First off, I just want to thank my running buddy/dog video marketing pal for recommending this book. The few TV shows I tune into pre-date the Grey’s Anatomy era (can’t get enough Mulder and Scully!) so I’m not at all familiar with Ms. Rhimes’ work. Judging by the book cover, I would’ve assumed this was just another piece of gobbledygook for the self-help rack.
In a sense, this is self-help, but without the “no duh” pop psychiatry and mind-numbing filler. It all depends on how much you see yourself in this brilliant woman, and whether or not you’re brave enough to follow her lead in saying (or in my case, whimpering) yes to every personal-growth opportunity that scares you silly. Televised public speaking, anyone? Just shoot me now.
Her Year of Yes began when she overheard her disgruntled big sister mutter, “You never say yes to anything.” Until this moment, she never really reflected on the reasons why she turned down the many perks of her job. You see, this woman pretty much owns Thursday night. For my fellow retro-TV fans, I should tell you that she’s the mastermind behind Grey’s Anatomy, Scandal and How to Get Away with Murder. Whoa!
So yeah, she’s kind of a big deal. But yet, she’s a house mouse. Red carpet events, jet-setting adventures and VIP rooms are no match for a quiet evening at home with Dr. Who and a nice glass of merlot. Being the closet introvert that I am, this totally makes sense. But, hey, you’ve got to have balance, right? Deep down, she knew something was very wrong. So when her sister muttered those six little words, she couldn’t shake the nagging feeling that she was in fact miserable.
One of the many things that I find truly remarkable about this woman is that she does not take words lightly. Every passing comment or passive-aggressive jab has meaning, but many of us just shoo them away like a pesky fruit fly. Not Shonda. She will sit back, swirl those words around in her brilliant mind and come away with a new perspective about herself and others. She would find moments of clarity in everyday moments, like when her toddler greeted her with grubby hands asking her to play. Dressed to the nines and late for a red carpet function, she was well within her rights to tell the kid to take a raincheck. But yet she couldn’t shake the feeling that she was missing out on something even bigger than those dazzling A-list parties. She realized right then and there that when her kids asked her to play, she would always answer with an emphatic “YES!” Why? Because soon enough they won’t want to play with their mom anymore, and well…it’s just love. Now that’s a pretty cool mom, folks.
While we’re on the topic of motherhood (a concept that’s foreign to me), I just want to commend her for keeping it real. She used a beautiful analogy that captures the plight of so many moms who are trying to keep up with the Martha Stewarts of the world. Back in the days when Whitney Houston reigned supreme, she would torture her hair for hours to get those curls that only Whitney could pull off. When she found out that her idol was in fact wearing a wig—and that Whitney was living a lie–she was devastated about the many wasted hours of trying to accomplish the impossible. It made her realize how so many women parading as “perfect moms” are just smoke and mirrors. That’s why she is adamant about telling the world that she has a nanny and that no woman should be ashamed about asking for help. She so eloquently points out that women are not superheroes, they’re not martyrs, and they shouldn’t (this is the best part) ever say that motherhood is a job. I’m not a mother, but I am the product of a mother who treated child-rearing as job on par with cleaning toilets.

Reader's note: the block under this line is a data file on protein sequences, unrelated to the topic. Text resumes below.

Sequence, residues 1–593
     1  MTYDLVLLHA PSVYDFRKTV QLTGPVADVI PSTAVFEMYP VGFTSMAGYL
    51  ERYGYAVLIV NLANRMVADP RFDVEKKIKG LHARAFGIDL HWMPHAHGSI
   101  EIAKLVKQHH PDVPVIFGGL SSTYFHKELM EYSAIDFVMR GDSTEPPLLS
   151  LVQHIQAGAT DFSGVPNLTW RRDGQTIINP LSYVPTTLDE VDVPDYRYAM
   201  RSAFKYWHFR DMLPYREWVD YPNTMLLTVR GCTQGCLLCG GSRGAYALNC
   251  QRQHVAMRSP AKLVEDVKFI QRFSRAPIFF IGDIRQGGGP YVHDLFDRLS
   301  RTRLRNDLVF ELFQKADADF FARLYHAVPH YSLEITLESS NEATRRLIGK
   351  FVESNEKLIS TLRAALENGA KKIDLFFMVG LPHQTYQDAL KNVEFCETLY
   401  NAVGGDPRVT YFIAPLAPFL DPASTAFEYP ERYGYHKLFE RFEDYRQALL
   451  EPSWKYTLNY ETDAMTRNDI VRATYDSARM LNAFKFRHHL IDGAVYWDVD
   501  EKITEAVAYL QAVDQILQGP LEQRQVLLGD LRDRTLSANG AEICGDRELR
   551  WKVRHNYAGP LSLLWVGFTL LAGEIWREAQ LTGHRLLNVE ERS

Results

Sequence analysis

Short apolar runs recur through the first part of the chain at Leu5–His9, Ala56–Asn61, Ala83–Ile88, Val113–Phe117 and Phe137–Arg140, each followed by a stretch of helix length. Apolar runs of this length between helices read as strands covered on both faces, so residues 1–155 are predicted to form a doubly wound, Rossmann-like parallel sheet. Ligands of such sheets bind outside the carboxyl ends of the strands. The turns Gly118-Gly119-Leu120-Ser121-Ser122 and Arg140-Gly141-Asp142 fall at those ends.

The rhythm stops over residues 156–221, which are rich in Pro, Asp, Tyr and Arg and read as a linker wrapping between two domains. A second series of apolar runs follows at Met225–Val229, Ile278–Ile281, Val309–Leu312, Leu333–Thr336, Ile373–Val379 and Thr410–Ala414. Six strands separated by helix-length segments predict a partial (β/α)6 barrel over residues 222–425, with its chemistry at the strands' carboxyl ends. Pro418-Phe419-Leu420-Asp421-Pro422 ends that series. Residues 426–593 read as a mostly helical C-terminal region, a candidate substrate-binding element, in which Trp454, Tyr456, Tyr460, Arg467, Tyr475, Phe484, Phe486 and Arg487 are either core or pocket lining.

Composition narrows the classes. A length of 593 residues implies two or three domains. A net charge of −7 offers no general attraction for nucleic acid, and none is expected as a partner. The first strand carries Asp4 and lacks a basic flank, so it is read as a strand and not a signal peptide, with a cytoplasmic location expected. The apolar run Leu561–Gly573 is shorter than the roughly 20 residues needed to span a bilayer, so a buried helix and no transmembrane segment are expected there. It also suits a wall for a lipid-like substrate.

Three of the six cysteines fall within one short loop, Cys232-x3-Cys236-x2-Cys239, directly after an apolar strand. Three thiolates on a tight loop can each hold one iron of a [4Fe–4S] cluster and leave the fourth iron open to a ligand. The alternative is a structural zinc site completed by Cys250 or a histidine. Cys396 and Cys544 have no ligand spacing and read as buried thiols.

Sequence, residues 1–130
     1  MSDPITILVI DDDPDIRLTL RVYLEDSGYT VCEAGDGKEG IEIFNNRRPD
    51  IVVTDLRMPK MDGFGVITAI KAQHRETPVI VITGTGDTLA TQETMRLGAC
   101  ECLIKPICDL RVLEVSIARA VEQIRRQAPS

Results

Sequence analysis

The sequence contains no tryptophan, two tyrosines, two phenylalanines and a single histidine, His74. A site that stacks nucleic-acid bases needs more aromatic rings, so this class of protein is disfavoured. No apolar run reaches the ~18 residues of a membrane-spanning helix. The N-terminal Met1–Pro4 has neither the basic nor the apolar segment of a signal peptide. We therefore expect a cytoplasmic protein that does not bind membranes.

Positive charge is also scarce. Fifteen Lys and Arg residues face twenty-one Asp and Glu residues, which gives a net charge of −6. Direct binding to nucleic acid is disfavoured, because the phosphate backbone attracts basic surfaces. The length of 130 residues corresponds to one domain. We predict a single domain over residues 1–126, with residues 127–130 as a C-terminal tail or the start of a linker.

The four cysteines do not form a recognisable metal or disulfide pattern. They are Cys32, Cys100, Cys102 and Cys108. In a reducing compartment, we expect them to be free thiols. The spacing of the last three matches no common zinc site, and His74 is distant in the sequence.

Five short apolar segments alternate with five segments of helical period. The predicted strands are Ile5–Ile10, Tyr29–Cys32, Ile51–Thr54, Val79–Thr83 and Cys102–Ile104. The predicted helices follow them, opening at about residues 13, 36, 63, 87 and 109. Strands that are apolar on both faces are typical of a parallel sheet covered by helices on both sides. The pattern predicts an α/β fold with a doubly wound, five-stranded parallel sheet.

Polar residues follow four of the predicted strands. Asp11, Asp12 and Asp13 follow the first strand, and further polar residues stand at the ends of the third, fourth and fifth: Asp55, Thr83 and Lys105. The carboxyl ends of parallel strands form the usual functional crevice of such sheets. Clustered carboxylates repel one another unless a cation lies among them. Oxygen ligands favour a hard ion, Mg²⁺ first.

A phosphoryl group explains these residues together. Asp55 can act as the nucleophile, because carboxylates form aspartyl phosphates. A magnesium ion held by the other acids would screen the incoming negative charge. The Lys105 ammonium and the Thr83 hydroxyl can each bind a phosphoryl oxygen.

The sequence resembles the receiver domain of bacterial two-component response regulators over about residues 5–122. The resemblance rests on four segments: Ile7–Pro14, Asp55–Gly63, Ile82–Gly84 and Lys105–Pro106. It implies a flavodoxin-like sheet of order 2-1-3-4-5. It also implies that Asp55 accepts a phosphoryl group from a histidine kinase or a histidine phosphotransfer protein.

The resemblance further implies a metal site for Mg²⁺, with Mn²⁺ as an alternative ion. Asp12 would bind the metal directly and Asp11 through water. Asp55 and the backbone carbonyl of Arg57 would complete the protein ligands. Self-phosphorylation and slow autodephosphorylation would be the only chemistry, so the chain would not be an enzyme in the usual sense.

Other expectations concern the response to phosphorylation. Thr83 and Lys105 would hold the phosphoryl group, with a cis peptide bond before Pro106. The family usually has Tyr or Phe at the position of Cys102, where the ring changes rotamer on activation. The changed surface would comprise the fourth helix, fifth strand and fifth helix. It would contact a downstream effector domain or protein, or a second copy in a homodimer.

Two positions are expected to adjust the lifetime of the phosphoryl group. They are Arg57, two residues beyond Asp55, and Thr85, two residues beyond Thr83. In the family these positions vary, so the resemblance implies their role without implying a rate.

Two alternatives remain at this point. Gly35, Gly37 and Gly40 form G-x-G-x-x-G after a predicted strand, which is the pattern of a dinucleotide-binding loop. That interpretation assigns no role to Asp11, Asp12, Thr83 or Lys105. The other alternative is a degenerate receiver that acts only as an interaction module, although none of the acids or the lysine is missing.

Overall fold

Thank you, Shonda, for pointing out that motherhood isn’t about punching in the clock and bragging about your martyrdom.
“Powerful famous women don’t say out loud that they have help at home, that they have nannies, housekeepers, chefs, assistants, stylists… They don’t say out loud that they have those people at home doing these jobs because they are ashamed. Or maybe a more precise way to say it is that these women have been shamed.”
I could go on and about the chapters in this book that sang to my soul, but this review is turning into a novella. I’ll leave you with one lasting thought that Shonda brought up in her Dartmouth commencement speech (one of her many scary “yes” challenges). There are dreamers and there are doers. Dreaming is a crock. Go get your Nike on and just do it! Sounds like another platitude, right? Not in Shondaland. She smashed every goal with a vengeance—from losing over 100 pounds, to appearing on live TV, to writing this deeply personal memoir.
“Everyone’s got some greatness in them. You do. The girl over there does. That guy on the left has some. But in order to really mine it, you have to own it. You have to grab hold of it. You have to believe it.”
It was a real adventure accompanying Shonda on her life-altering quest. I hope that one day she will live out her fantasy of making jam in Vermont and writing novels all day. When it comes to screenwriting, she has the midas touch, so I have no doubt that anything she writes will be pure gold!
Now I must be off. I’ve got a book to write! No more dreaming—just doing from here on out! Thanks, Shonda, for the kick in the pants.